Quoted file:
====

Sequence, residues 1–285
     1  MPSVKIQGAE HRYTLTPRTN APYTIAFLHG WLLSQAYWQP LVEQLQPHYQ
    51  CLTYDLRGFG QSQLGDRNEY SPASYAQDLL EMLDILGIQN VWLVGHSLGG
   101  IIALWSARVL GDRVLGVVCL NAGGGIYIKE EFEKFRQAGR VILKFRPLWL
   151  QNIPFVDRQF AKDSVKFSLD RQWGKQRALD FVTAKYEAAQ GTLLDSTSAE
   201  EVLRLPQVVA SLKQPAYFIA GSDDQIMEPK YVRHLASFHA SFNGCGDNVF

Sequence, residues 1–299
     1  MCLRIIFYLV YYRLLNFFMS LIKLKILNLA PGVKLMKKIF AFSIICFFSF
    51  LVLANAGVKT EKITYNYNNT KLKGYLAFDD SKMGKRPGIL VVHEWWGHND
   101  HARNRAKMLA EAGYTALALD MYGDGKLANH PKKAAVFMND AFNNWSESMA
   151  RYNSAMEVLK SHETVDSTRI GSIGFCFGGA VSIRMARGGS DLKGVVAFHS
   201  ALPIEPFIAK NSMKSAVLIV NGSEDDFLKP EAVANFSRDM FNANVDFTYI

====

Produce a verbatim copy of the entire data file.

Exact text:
Sequence, residues 1–285
     1  MPSVKIQGAE HRYTLTPRTN APYTIAFLHG WLLSQAYWQP LVEQLQPHYQ
    51  CLTYDLRGFG QSQLGDRNEY SPASYAQDLL EMLDILGIQN VWLVGHSLGG
   101  IIALWSARVL GDRVLGVVCL NAGGGIYIKE EFEKFRQAGR VILKFRPLWL
   151  QNIPFVDRQF AKDSVKFSLD RQWGKQRALD FVTAKYEAAQ GTLLDSTSAE
   201  EVLRLPQVVA SLKQPAYFIA GSDDQIMEPK YVRHLASFHA SFNGCGDNVF

Sequence, residues 1–299
     1  MCLRIIFYLV YYRLLNFFMS LIKLKILNLA PGVKLMKKIF AFSIICFFSF
    51  LVLANAGVKT EKITYNYNNT KLKGYLAFDD SKMGKRPGIL VVHEWWGHND
   101  HARNRAKMLA EAGYTALALD MYGDGKLANH PKKAAVFMND AFNNWSESMA
   151  RYNSAMEVLK SHETVDSTRI GSIGFCFGGA VSIRMARGGS DLKGVVAFHS
   201  ALPIEPFIAK NSMKSAVLIV NGSEDDFLKP EAVANFSRDM FNANVDFTYI